But here is the trick. A high bounce rate is not necessarily alarming. For blog posts or Q&A pages, bounce rates can be increased, even though the content is excellent. The reason is that people find their answers without the need to navigate further within your website – they leave because they got what they wanted. Therefore, before improving the bounce rate on a specific page, think about what kind of content your visitors like to see. That’s why it is important to not solely look at the bounce rate but combine it with metrics like time on page. That way, you will find the pages that are currently underperforming.
Contrary to bounce rate, exit rate represents the number of people who left a specific page, even if they didn’t initially land on it. For example, if a visitor visits your page and leaves without further interaction, that is a bounce. However, if a visitor visits three pages before leaving, that is recorded as an exit.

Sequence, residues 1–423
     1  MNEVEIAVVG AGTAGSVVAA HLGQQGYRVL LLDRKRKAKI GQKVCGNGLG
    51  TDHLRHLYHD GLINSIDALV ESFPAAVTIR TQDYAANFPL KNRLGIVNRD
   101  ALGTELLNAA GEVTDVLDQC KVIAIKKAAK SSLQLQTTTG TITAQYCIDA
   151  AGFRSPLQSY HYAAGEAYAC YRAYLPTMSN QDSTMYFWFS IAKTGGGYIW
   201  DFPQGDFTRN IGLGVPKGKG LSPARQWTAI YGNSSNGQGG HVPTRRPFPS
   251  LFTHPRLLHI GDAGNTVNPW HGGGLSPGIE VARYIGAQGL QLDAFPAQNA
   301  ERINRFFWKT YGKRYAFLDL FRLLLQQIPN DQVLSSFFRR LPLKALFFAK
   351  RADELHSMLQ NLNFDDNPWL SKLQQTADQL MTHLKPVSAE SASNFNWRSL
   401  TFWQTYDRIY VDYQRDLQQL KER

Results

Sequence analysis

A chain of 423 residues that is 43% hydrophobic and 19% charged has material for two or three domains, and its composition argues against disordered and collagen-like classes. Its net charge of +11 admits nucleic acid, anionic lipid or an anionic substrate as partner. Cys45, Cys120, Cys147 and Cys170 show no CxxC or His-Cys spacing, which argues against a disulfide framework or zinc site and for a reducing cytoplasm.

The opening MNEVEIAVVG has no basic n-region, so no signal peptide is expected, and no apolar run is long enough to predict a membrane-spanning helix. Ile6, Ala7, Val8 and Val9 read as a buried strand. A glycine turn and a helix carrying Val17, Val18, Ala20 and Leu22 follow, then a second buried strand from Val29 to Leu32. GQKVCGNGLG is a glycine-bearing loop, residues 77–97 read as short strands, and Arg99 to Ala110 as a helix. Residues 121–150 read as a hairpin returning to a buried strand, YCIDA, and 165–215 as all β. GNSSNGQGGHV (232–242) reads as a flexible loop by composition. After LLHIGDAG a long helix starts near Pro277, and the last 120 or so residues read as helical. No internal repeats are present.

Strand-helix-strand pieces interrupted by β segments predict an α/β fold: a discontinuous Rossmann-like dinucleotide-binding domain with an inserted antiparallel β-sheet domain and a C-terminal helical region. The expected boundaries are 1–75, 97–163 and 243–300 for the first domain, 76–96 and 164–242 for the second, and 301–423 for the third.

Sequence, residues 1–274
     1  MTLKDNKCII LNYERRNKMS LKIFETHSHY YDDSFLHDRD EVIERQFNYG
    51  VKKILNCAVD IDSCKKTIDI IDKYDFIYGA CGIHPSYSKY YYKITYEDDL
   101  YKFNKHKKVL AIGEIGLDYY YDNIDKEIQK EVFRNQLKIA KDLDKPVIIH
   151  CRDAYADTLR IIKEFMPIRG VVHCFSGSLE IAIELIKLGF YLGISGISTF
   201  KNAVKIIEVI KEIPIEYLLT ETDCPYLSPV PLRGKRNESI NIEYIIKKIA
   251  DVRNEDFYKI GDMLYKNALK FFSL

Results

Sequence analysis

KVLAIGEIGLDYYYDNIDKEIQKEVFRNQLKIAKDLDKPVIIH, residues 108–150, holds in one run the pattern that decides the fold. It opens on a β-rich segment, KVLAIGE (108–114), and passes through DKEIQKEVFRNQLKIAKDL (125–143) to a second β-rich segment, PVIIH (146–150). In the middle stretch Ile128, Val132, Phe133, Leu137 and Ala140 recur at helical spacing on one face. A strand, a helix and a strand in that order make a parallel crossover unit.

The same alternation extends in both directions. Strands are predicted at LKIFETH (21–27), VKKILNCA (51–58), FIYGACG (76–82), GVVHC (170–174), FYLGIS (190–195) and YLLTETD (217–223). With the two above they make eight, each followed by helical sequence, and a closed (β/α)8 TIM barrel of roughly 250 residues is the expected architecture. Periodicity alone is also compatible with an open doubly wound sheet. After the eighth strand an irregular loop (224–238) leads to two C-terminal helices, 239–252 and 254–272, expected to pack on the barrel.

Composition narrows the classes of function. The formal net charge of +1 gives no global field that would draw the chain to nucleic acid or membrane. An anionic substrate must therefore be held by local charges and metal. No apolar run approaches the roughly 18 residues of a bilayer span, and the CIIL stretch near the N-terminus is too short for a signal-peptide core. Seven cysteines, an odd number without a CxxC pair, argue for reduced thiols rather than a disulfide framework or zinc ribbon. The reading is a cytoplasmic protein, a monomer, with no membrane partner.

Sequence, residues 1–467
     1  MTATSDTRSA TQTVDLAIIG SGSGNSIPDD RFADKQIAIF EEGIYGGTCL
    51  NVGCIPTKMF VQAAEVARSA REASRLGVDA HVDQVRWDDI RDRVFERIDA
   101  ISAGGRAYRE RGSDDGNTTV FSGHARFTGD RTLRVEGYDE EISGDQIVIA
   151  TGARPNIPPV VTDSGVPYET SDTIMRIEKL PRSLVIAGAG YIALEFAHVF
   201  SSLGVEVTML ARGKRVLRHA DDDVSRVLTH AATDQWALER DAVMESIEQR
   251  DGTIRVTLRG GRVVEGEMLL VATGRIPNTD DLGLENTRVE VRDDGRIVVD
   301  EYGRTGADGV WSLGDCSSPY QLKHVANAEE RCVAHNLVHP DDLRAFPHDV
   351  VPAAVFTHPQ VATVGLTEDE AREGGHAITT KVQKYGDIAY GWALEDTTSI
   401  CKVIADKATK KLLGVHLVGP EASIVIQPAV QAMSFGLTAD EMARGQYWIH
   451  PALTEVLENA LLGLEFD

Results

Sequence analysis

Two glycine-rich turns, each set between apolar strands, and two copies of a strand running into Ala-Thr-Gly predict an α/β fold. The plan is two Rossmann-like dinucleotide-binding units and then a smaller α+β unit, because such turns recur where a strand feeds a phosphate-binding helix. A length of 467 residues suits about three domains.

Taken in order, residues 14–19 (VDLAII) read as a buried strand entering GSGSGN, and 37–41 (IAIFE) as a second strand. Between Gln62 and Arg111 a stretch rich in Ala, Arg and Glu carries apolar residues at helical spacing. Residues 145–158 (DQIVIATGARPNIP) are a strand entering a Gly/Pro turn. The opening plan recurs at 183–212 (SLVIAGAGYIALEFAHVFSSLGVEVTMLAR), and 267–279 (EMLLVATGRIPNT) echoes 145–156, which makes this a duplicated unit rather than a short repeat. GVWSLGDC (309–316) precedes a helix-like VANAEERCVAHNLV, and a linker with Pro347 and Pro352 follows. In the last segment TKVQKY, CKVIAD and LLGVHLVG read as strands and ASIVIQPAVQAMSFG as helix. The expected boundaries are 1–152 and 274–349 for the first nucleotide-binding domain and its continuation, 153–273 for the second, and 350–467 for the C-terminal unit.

How to calculate website bounce rate
Website Bounce rate = Number of one-page visits / Number of total visits
For example, if 100 people visited only one page on your website and 200 people visited your page, your bounce rate is 50% (100 / 200 * 100 = 50%)
How to improve website bounce rate
• Make your page mobile-friendly
• Show the value of your service immediately
• Publish quality content that is valuable to your audience
• Use internal links to guide visitors through your page
• Use a clear call to action buttons